In summary, we support this bill. It deals with a number of technical details, but where language rights are concerned, we feel that it is a good piece of legislation, particularly with respect to the right of the co-accused to be tried in the language of the minority, provided that it is one of the official languages. We also support the Liberal amendment that will see the judge presiding at the preliminary hearing or trial be put in charge of recognizing the rights of those appearing before him or her and having them recognized.
    In addition, we condemn the Conservative government's insensitivity to minority communities. Hopefully, by the next election, the government will have had a burst of conscience and lucidity and restored the court challenges program.
    Finally, I hope that the Minister of the Environment will rise and put a question to me.

  (1655)  

    Mr. Speaker, I am pleased to respond to the speech made by my colleague from the Bloc Quebecois. He made a very interesting suggestion. He talked at length about the court challenges program. I will ask him a few questions on that subject.
    Would he agree with the idea that the federal government would give money to citizens groups to challenge provincial legislation in Quebec? We, on this side of the House, believe that it would be an encroachment into provincial jurisdictions. If that is the Bloc's position, will the member call his boss, Pauline, to ask her if this is a new change within the sovereignist party?
    I would like to mention that Mike Harris, when he was premier of Ontario, created 12 French-language school boards throughout the province. Never in Ontario history had a premier done such a thing. Moreover, again thanks to Mike Harris and for the first time in Canadian history, there was equity in education funding. For more than a century, French-speaking students had been receiving less funding, and it took a Conservative government to correct that. I would also add that, as Ontario minister of francophone affairs, I was very proud to say that the Montfort Hospital would stay open.

  (1700)  

    Mr. Speaker, I thank my colleague, the Minister of the Environment, for his question. However, I cannot help but notice that he becomes emotional at the mention of Mike Harris' name. I urge him to remain rational in this debate. I want to remind him that the court challenges program has to do with guarantees under the Canadian Charter of Human Rights. We are not suggesting that the court challenges program allow provincial legislation to be challenged. Correct me if I am wrong—in which case I would like the minister to show me one case where provincial legislation was overturned—in my understanding, this has to do with federal responsibilities and the Canadian Charter of Human Rights.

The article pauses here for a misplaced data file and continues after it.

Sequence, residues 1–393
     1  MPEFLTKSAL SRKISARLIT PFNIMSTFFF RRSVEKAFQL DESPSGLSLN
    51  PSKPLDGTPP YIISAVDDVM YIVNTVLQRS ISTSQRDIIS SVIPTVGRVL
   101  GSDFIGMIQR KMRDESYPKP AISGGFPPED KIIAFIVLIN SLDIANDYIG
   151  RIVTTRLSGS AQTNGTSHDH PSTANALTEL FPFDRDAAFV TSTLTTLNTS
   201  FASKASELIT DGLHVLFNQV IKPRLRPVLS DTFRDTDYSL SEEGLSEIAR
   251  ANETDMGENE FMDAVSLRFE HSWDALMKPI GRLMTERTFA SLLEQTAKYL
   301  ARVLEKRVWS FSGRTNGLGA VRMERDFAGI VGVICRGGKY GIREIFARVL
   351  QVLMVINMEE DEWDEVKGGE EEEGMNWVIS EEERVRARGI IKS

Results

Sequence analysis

Let us talk about the Conservatives' record when he was minister. Apparently he was quite close to Mike Harris and it is even said that the Minister of the Environment has three idols: Brian Mulroney, Mike Harris and Stephen Harper. I hope he remembers that when we look at the Harris government's record on francophones outside Quebec, there was the issue of the Montfort hospital. The hon. member, chair of the caucus, had to get funding. There was an unprecedented mobilization of francophones because that government wanted to close the Montfort hospital. I hope he is not saying that this was something positive and that the Harris government has a good record when it comes to francophones outside Quebec, because that is the furthest thing from the truth. The hon. member for Richelieu-Yamaska even had to appeal to Bloc members, who contributed with great pleasure. The Bloc members were involved in saving the Montfort hospital. We reached into our pockets and we donated money to keep the Montfort hospital open. That was a total lack of sensitivity by that government.

[English]

    Mr. Speaker, as members know, this week's theme is the failure of the Conservative government's agenda on crime, resulting in them being very soft on crime.
     I know the member is are a very intensive member of the justice committee, but I will give him nine quick areas where he can show how the Conservatives have been a failure and soft on crime, and I know he can think of these himself.
    First, we found out in committee the Conservatives were not following the recommendations of the justice department.
    Second, expert after expert showed them how to be tough on crime and they went totally against their recommendations and would not withdraw the bad legislation.
    Third, they would not be tough on crime by following the court challenges program and supporting it.
    Fourth, they would not be tough on crime by supporting law reform, fixing up the law through the Law Reform Commission.
    Fifth and sixth, by trying to remove alternative sentencing and restorative justice, which were reducing crime, they are soft on crime.
    Seventh, they had terrible written laws. One law was seven words. As members know, it has taken a whole year because it was so bad and the Conservatives did not consult.
    CBC had a wonderful program last week about our prisons. Prisons are where we can be hard on crime and stop the reoffending, but they do not have the educational or anger management courses.
    Eighth, the Conservatives have done nothing to reduce the overpopulation of aboriginal people in the justice court, which is another way they have been soft on crime.
    Finally, the Conservatives prorogued Parliament. From which department do the majority of bills come? The Department of Justice. Once again, they were being soft on crime.
    There are a lot of areas the member could talk about on how they could improve the government's agenda and actually reduce crime in Canada.